It would be hard to imagine a better homecoming for Tim Mackenzie.
The Burras' returnee has been influential in his side's unbeaten start to the season, being named in the best twice as Minyip-Murtoa close in on top spot.
It was a fitting welcome back after a long time out of the blue, black and white.
"My last games for them were probably back when I was 18 and playing for the Rebels. Whenever we had a bye I would come back and try and get a game in for the Burras," Mackenzie said.
"But I'm just loving being back at Minyip-Murtoa.
"I enjoy being around all the boys there. It's a good place to be at the moment."
Mackenzie left his childhood club in 2013 to move to Adelaide to study and had a successful stint in the SANFL, most recently with the Glenelg Football Club.
In his final season with Glenelg last year, Mackenzie was named the reserves best and fairest.
"It was a great standard of football, and it would be up there with one of the top leagues in the country I would have thought," he said.
"It was really good, and definitely a good learning experience."
Mackenzie returned to take on the role of assistant coach, a challenge he was always keen to meet.
"I had always wanted to coach," he said.
"I was more than happy to have a crack at it. I was sort of suggesting it almost that if they were looking for someone, I'd take it on."
John Delahunty played a big role in attracting the gun back to the club, with the new coaching pair sharing a lot of junior football memories.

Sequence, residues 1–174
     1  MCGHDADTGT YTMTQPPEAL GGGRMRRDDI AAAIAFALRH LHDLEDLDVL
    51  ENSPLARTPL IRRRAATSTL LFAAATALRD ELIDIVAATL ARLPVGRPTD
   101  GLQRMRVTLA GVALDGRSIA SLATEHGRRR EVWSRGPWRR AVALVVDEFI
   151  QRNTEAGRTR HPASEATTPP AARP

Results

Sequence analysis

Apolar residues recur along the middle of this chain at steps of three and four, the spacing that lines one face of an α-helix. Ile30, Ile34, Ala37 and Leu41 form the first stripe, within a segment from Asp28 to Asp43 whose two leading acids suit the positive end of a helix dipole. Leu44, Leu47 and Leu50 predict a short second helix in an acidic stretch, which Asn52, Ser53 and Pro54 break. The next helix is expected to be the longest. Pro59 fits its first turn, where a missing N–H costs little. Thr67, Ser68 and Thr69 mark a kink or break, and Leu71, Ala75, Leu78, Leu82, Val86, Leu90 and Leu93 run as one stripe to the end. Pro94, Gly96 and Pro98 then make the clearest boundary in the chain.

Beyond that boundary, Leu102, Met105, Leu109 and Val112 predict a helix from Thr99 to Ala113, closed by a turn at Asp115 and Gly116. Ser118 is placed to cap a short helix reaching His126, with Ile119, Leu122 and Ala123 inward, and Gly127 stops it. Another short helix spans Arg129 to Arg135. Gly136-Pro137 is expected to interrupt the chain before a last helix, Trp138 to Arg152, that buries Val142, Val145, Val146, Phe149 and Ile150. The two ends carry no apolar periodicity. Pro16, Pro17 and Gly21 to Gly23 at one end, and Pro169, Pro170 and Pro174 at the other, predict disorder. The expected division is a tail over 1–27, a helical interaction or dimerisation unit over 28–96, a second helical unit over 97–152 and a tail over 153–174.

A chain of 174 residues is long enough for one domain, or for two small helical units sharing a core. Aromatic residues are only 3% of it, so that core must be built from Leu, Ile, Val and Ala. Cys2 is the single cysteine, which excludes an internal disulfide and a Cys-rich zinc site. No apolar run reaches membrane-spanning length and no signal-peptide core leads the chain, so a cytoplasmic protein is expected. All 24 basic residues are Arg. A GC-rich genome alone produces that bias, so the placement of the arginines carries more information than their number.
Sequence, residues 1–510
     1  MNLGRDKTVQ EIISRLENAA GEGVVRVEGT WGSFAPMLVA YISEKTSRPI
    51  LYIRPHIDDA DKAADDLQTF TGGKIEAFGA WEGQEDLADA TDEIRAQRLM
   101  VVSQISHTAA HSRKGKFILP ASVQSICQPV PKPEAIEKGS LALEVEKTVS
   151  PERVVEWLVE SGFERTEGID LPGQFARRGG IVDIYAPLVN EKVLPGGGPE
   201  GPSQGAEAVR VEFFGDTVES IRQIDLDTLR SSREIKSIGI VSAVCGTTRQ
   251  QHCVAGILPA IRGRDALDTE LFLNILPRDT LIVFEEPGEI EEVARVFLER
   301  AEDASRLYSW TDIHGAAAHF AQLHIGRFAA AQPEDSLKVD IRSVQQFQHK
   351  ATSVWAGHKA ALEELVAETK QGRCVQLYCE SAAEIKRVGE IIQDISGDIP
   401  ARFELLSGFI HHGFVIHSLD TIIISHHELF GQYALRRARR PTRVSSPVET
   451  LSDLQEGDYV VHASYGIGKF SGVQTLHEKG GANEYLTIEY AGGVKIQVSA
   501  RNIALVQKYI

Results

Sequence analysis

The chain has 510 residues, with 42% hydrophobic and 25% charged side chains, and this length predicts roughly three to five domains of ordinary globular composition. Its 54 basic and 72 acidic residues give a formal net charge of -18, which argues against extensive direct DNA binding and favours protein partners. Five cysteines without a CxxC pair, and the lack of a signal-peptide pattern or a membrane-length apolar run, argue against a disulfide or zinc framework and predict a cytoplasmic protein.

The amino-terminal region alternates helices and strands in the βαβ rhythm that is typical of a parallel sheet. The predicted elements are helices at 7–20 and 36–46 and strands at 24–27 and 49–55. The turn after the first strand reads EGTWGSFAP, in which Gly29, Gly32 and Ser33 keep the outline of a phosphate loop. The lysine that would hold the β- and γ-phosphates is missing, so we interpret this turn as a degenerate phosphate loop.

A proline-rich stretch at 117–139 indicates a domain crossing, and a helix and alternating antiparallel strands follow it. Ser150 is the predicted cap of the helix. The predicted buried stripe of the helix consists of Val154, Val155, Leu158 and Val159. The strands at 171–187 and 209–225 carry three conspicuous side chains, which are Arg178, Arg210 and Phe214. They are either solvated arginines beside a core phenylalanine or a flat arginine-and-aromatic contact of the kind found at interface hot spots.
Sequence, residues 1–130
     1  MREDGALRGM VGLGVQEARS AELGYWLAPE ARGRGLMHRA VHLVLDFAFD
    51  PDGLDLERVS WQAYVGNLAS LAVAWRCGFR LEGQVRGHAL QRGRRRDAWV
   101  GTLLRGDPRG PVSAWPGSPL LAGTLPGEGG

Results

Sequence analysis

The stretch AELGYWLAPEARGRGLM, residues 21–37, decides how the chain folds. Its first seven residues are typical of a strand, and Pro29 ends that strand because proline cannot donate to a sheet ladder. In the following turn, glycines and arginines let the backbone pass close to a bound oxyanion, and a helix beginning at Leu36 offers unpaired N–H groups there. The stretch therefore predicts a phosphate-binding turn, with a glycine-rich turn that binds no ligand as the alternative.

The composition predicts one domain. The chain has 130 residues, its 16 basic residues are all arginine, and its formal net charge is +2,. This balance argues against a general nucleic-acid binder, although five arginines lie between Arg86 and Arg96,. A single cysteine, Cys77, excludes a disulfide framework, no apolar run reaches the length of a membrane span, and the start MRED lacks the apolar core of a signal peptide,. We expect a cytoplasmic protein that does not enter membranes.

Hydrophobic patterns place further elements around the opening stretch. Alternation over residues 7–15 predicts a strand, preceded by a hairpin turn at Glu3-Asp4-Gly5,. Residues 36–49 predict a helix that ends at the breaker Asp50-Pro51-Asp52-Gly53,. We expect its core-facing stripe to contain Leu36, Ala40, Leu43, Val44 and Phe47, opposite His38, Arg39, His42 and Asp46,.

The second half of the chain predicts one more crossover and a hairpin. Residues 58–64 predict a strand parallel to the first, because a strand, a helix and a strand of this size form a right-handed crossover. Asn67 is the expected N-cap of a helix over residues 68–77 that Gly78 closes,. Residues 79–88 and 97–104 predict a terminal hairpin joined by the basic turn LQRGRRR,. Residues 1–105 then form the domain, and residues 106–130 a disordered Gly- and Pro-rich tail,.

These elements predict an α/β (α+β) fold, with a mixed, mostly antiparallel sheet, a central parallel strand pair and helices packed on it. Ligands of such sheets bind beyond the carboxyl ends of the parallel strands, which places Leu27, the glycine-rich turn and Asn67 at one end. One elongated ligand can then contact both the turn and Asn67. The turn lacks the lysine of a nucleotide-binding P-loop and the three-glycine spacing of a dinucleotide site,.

"I had never done any coaching before, but John's been very good, and it's just been a good challenge for me," Mackenzie said.
"When I was playing with the juniors I had played alongside him and had kind of always looked up to him a bit. He's always been good to me, and we get along really well."
The Burras' next generation impressed in their first three games of the season, under the close eye of the new coaching pair.
Mackenzie hoped he could continue to play a role in his young teammates' development.
"I still see the development in our kids, and I think we can keep playing some good footy," he said.
"They've been keen and eager to learn, and I've really enjoyed working with them."
Despite the time he spent away from the club, Mackenzie said Minip-Murtoa still felt like home.
"I've been at a few clubs, and the culture is a massive thing, and I think we've got it right here," he said.
"It's a good place to be around, and we have a good time; which it's all about."